Glenelg’s cleaner and quieter cousin, Henley Beach has white sands, volleyball courts, and quality restaurants and cafes – alongside the local fish&chip and yiros/souvlaki stores.
Henley Beach is quite an artsy places with plenty of galleries along Seaview Road popping up and a weekend organic market.
Rundle Street East
In the city centre, but if you’re looking for boutique stores, a range of pubs and plenty of great places to eat then Rundle Street East is your place to go.
Be sure to check out the laneways as there are more galleries, more restaurants and more shops than just on the main road!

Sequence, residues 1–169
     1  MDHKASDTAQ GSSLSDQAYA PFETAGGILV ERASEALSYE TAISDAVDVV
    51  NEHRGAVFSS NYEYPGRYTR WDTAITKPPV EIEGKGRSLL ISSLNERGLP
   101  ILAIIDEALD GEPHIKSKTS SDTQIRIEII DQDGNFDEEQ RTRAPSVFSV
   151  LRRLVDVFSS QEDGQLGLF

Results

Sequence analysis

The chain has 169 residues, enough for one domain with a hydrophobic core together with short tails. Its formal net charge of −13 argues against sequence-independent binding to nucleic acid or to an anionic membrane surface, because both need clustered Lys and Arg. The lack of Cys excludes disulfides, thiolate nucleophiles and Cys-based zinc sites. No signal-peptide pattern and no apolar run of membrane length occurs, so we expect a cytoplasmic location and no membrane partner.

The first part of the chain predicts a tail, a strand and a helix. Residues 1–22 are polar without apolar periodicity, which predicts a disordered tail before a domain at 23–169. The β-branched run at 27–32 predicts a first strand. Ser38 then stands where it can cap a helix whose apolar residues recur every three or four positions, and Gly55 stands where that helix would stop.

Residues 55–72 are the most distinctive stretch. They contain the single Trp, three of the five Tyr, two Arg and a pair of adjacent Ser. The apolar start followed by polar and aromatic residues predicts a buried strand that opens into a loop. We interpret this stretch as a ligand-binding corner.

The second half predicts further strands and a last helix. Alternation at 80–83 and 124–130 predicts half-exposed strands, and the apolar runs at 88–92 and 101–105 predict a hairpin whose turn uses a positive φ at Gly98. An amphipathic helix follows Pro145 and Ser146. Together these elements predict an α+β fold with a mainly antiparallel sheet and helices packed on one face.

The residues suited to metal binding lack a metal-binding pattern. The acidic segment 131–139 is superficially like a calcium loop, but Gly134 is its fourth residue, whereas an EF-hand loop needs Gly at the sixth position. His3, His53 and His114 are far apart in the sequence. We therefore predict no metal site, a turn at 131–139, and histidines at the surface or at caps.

If you’re looking for a central location that’s budget friendly my top choice would be Adelaide Central YHA. Located in Light Square it’s a two blocks to Rundle Mall – Adelaide’s main shopping strip and there are plenty of bars and restaurants nearby.
If you’re after luxury in Adelaide then you can’t go past the Intercontinental Adelaide. On North Terrace, you are a stone throw away from Adelaide’s main sights – the Torrens River, Rundle Mall, the museums, and even Adelaide Zoo!
If you are wanting a beachside getaway be sure to enquire about Oaks Liberty Towers and Oaks Plaza Pier at Glenelg. One is on the water and Marina whilst the other is one street back. Offering larger apartment-style rooms it is a great choice for families looking to stretch out and relax.
If boutique is more your style then I’ve heard good things about the Clarion Hotel Soho. Slick, sexy and modern, the Clarion Hotel Soho is perfect boutique hotel for a couple’s getaway.